Bringing mindfulness into leadership
When we hear the word leadership, we tend to see it as being in a top corporate management level. That thought is terribly misleading. Leadership is not only needed in corporate management. It is likewise needed in all aspects of life. If you think you don’t have leadership skills, think again. I believe that there is a leader in all of us. Why? Leading is not about position, it is about influence. Leadership is not as complicated as it sounds. As long as you are passionate and have the skills, leadership could be mastered in a very simple way. Personally, leadership alone is great but mixing it with mindfulness, could create a positively bigger influence.
Often times, mindfulness is correlated with Buddhism hence, mindfulness is defined as “being present”. Mindfulness helps us to get off autopilot and become more aware of what is happening in our mind, body, and environment. I often apply mindfulness tools in my work such as; mindful listening when I am in conversations, I take deep breaths when I feel anxious before giving public talks and I check in on my values and skills when I am working on projects or leading my team.
Here are a few strategies I share with others that could be helpful when integrating mindfulness into leading ourselves, organizations and others.
How to create a mindful leadership: the power of listening
The tasks we deal with on a daily basis, sometimes make us less available/present for others, even during important meetings. One trick to be mindful is to consider the person in front of you to be the most important person. Then picture how you would listen if it were the most important person. We practice giving our undivided attention for listening, without preparing for what we wanted to say or interrupting. We are open and curious to hear other’s concerns, intentions, opinions, and feelings. When it is our turn to say something, we say what would be of service to the individual we are communicating with.
Mindfulness leadership lessons: a pause in the present moment
When we come under pressure or feel emotionally triggered, an effective antidote is to simply stop and create a meaningful pause. We can take a few deep breaths, take a short walk, or look away for a moment. We stop reacting in a habitual way, running autopilot, instead we create a space where we can learn and grow from the situation. This stop is training to become more aware of situations rather than running on autopilot.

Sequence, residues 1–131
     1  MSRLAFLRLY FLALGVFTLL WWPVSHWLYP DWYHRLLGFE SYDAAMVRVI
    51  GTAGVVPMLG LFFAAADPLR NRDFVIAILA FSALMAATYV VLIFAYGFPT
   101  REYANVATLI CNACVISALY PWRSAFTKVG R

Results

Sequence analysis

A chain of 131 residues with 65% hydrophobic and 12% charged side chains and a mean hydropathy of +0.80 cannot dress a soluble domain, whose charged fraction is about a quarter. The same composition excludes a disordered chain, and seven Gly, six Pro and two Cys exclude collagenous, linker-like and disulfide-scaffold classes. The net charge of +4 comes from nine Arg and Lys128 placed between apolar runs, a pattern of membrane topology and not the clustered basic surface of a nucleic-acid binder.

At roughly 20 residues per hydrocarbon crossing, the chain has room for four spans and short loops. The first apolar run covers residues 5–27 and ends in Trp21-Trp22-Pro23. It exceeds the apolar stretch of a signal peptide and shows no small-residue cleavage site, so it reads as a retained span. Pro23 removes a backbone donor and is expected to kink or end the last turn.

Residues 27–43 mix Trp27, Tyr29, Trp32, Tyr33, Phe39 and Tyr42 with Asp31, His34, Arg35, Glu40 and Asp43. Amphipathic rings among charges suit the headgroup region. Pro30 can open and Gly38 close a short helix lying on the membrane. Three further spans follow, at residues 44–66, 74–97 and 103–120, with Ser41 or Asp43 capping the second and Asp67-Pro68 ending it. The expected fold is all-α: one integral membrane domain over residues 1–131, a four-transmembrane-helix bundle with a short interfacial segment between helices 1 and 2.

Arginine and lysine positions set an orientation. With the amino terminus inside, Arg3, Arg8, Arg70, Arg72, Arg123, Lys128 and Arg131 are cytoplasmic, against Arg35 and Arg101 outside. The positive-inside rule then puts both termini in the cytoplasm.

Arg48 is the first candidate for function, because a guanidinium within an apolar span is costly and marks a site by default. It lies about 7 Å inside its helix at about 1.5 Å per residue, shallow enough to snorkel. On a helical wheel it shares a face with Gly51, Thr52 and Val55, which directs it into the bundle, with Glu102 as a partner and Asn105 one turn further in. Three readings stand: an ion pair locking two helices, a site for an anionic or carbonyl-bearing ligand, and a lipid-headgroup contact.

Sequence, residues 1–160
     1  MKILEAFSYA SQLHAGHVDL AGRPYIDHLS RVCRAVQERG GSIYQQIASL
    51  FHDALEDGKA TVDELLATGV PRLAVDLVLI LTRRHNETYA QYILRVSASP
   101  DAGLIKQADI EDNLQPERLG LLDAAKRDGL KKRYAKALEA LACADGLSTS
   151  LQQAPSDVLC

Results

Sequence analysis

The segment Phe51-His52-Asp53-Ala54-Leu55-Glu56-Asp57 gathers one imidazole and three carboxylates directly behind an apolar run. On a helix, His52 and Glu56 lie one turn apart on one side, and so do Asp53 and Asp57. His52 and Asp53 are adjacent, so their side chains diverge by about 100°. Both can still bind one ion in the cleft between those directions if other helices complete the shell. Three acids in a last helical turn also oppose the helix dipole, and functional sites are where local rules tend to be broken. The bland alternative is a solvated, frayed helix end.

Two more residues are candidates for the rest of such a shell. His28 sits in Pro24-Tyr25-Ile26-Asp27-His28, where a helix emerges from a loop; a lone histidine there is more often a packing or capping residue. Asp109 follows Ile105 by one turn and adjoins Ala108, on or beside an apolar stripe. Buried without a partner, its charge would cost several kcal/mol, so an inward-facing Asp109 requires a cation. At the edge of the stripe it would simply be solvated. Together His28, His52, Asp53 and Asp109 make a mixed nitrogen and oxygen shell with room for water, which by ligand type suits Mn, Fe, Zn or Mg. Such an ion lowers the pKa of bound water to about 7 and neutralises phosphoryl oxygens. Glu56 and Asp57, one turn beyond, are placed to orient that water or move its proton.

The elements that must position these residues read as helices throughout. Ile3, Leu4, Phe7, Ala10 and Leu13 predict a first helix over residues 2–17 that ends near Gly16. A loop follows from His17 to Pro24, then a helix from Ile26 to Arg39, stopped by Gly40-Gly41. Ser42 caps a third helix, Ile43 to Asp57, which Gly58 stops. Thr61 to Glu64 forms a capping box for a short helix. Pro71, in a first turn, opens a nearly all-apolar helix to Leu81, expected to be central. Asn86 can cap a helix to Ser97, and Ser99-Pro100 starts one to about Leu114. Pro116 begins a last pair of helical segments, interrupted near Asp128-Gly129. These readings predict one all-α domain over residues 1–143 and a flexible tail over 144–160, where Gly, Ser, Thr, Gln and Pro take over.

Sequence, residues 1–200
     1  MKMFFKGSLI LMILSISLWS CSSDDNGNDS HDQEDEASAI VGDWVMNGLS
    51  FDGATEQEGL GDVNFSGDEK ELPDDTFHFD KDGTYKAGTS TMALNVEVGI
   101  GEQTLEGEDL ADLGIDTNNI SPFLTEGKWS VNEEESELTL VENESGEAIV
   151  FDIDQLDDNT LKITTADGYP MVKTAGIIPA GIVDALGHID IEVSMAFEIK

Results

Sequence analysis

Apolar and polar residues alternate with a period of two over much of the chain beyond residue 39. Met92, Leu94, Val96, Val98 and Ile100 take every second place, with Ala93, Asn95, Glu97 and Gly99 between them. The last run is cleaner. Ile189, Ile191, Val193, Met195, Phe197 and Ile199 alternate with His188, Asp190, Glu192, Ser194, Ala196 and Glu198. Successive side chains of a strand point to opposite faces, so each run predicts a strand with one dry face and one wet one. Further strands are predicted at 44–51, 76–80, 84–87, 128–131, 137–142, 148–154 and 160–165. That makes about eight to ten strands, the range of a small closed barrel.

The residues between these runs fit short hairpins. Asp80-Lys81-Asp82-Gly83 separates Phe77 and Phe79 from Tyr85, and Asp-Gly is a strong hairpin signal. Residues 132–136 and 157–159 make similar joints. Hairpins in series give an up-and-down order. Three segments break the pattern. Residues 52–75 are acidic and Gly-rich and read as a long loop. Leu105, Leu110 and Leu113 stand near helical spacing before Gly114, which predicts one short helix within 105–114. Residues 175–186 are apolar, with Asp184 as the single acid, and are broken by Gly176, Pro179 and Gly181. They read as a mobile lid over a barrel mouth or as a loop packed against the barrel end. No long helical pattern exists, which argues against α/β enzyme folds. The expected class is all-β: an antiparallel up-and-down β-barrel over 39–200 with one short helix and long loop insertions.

As Victor Frankl says “between stimulus and response, there is a space. In that space is our power to choose our response. In our response, lies our growth and our freedom.”
Journaling as a mindfulness practice
We often write emails/send messages to others. We rarely take out a pen and paper just to write to ourselves for ourselves. Journaling is a mindfulness practice which helps us clarify our unconscious (Thoughts and Emotions). If you find yourself thinking something over and over again, journaling is a self-discovery tool to explore your thoughts, emotions, insight and possible solutions. We keep writing down all thoughts and emotions that are arising. No one needs to read what you wrote if this is for yourself only. Journaling could be done privately for planning, problem-solving, or it could be shared with members of a team to reflect on values and/or challenges the team is going through.
Being a mindful leader encourages us to be present instead of running on autopilot. We are aware of what is happening with ourselves; understanding people around us better and becoming more skillful, working with changes in the world.
Want to learn more? Join Search Inside Yourself, a leadership program born at Google, coming to Bali in Mar 2018.